WON Landing Page OCT 2022

Common Sense Tips on Guiding a New Hunter

An acquaintance recently asked me about taking his girlfriend on a hunt. She had mentioned to him that she wanted to try hunting, but wasn’t sure which animal she wanted to hunt. This isn’t the first time I’ve been asked about this topic. I put together some tips on guiding a new hunter that make common sense.

For new hunters, I usually recommend hunting for spring turkeys or fall squirrels. The spring isn’t too cold, and if you’re in an area with turkeys, they’ll put on a show, which can definitely get a new hunter hooked. The same goes for squirrels: It’s a nice, leisurely stroll through the woods, watching and listening for squirrels hopping from limb to limb, with treetops shaking and cuttings falling. It’s a true lesson in woodsmanship.

You don’t have to be an official hunting guide to be qualified to guide a new hunter afield. Here are some tips for experienced hunters on mentoring a novice. Always follow the regulations in your state or location where you’ll be hunting, and make sure you know the rules regarding mentoring, too.


(Jon Paulson photo)


Before the hunt, take the time to familiarize the new hunter with the firearm or bow that she’ll be using. Spend time pointing out the different parts of the gun or bow, and what they do. Use the proper terminology for those parts.

Take time to show the novice hunter the proper fundamentals of shooting and practice with her at the range. Make sure she’s comfortable with the firearm or bow, and that it fits her. Don’t give her a large-caliber rifle or shotgun bigger than what she needs or might be used to.

When practicing at the range, set up different shots that replicate a hunting scenario. She should be comfortable shooting from sitting, standing and kneeling positions. The more time you spend together at the range, the more comfortable she’ll be in a real hunting situation.


(Jon Paulson photo)


Make sure she has hunting clothing and boots that fit her. Also be sure she’s dressed for the weather conditions. The more comfortable she is, the better her overall experience will be—and she’ll be able to sit more quietly, and for longer.

Make sure that she has snacks if you’re going to be sitting for several hours. Give her some ideas on snacks that are “hunt friendly”— i.e., quiet and with little scent. Don’t bring snacks in noisy foil packaging; put them in a plastic baggie beforehand.

new-girl-hunter-JonPoulsonInvolve Her

On the hunt itself, don’t do every little thing for her. Give her some of her own responsibilities, such as having her own pack with calls, binoculars, gloves and such. If you have multiple stand locations, explain which stands might be better due to the wind or time of day, but let her choose which one she wants to hunt. Get her involved as much as possible.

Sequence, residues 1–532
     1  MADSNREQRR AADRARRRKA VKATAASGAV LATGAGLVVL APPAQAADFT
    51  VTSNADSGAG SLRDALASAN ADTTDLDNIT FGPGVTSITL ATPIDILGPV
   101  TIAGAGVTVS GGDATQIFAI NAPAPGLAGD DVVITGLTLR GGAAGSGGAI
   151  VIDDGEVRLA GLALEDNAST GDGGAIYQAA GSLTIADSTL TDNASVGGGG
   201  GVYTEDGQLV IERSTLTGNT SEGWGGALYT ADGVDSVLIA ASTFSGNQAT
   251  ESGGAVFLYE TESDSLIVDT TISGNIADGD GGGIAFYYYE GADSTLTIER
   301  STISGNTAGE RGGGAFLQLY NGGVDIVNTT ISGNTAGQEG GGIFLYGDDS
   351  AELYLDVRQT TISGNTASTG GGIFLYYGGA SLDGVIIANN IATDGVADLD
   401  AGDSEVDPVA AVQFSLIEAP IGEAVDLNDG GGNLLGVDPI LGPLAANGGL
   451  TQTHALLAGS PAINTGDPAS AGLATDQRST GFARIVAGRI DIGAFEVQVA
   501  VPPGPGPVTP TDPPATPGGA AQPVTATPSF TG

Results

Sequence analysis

(Jon Paulson photo)


This goes for both you and the new hunter. Explain that a good hunter has to be a patient hunter. On some hunts it might be hours before you see game, while on others it might take minutes. Sometimes you might not even see anything. The more patient and still she is, the better her chances of seeing game.

You’re going to have to have some patience also. A new hunter will likely have lots of questions; remember, something that might seem second nature to you may not make any sense to her.

For example, you might have game come out and get to within your comfortable range, but the new hunter may not be comfortable with that range. She might not even be comfortable with taking a shot at all. That’s fine; don’t ever pressure anyone to take a shot. Just be glad that she is getting to experience hunting and the outdoors, even if she just wants to shoot a picture instead of a gun or bow.


(Jon Paulson photo)

Online resources

There are numerous resources available online. First I would recommend reading the great articles at the Women’s Outdoor News, especially Christine Cunningham’s 5 Ways to Get Started Hunting. Also, check out Squirrel Hunting for Beginners, which I wrote last fall.

If you have someone who thinks she wants to try hunting, ask her to come along and observe one of your hunts. That might just be the little nudge she needs to jump in and join you in the outdoors.


  • About Marti Davis

    Marti Davis is a staff member for Browning Trail Cameras, WoolX and Mossy Oak. She is an authority on most types of hunting in North America, and very active in mentoring the next generation of young hunters.